Students in literate states lead spike in protests

States with higher literacy levels report more protests, and nearly half of these protests were led by political parties, according to an IndiaSpend analysis of police data over six years.

The sharpest rise in unrest came from student-led agitations (148 per cent) between 2009 and 2014, show the data, gleaned from the Bureau of Police Research & Development (BPRD), a national police agency.

Karnataka reported the most student protests (12 per cent), despite a statewide ban on student unions in colleges. A high literacy rate and a concentration of educational institutions in the state could be the reason, said Venkatesh Nayak, coordinator, Access to Justice Programme with Commonwealth Human Rights Initiative, an advocacy.

Up to 75.6 per cent of Karnataka is literate (national average: 74 per cent) and the state’s capital, Bengaluru, has more colleges (911) than any Indian city.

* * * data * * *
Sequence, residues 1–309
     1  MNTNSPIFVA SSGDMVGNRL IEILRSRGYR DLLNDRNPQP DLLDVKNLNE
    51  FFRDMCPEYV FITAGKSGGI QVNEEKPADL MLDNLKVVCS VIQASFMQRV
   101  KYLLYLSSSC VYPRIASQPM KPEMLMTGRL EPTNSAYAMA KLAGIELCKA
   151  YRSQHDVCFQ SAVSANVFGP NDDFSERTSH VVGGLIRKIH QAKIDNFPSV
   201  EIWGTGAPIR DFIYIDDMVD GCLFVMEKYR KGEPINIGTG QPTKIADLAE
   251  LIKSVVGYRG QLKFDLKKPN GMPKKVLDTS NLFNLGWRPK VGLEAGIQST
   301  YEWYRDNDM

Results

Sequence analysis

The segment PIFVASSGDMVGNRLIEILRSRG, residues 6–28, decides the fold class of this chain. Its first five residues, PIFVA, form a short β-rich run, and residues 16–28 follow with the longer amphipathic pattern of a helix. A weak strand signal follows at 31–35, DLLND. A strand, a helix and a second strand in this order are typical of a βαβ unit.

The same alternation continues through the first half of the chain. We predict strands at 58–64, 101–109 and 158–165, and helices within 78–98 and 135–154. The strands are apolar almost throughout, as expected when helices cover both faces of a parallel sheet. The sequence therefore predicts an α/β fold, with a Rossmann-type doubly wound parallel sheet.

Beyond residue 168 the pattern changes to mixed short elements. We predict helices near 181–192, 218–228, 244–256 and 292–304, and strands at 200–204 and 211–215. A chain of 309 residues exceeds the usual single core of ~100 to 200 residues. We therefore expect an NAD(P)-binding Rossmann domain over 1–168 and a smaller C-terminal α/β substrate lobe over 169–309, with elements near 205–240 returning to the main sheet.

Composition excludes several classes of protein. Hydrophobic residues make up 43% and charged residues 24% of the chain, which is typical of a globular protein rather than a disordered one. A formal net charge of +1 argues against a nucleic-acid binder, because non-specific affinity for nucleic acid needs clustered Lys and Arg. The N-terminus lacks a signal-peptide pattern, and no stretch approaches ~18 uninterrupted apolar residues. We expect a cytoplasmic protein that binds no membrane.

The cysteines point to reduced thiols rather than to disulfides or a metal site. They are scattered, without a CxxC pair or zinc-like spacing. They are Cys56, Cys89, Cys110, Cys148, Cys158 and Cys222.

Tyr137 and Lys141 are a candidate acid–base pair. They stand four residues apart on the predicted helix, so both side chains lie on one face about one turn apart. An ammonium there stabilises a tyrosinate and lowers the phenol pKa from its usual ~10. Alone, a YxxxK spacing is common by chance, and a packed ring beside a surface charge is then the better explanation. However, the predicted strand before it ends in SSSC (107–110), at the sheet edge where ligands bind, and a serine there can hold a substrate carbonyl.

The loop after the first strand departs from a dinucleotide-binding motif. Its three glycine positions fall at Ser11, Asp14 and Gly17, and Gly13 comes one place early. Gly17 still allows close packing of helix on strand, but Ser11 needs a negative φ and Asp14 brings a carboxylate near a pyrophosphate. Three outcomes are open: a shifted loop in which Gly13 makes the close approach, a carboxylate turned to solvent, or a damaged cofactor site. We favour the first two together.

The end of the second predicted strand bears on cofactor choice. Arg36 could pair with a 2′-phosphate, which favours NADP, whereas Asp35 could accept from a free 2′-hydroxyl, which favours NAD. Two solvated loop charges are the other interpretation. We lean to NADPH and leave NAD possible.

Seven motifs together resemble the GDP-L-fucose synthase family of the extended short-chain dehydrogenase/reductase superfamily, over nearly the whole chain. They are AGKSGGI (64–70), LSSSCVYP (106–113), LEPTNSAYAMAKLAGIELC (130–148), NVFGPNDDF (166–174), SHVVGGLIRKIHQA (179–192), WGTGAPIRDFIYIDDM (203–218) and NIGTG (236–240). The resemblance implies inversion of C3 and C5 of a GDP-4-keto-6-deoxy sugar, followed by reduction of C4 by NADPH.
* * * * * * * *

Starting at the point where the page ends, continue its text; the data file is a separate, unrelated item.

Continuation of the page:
Tamil Nadu, Punjab, Madhya Pradesh and Maharashtra together account for more than 50 per cent of all protests recorded between 2009 and 2014. Except Madhya Pradesh, all other states have literacy rates higher than the national average. 

Between 2009 and 2014, 420,000 protests were held across India — an average of 200 protests a day nationwide, and a 55 per cent rise over five years.

Unrest grew across the country for varied reasons — communal (92 per cent), government employee grievances (71 per cent), political (42 per cent) and labour (38 per cent).

Agitations are the collective expression of dissatisfaction with government authorities, and social, political and economic establishments. They could relate to an array of issues — from education, essential services and transport facilities to wages, Dalit issues and rights of women.

A protest gets recorded by the police either when prior permission is sought for holding it or when officials take suo-moto cognisance, based on information they gather.

Tamil Nadu has a history of high-profile agitations: From anti-Hindi agitations in the pre-Independence era to public expression of solidarity with the Tamils in Sri Lanka and marches against the Kudankulam nuclear plant.

Delhi, the country’s capital, was seventh in terms of number of protests — it reported nearly 23,000 in the period under study.

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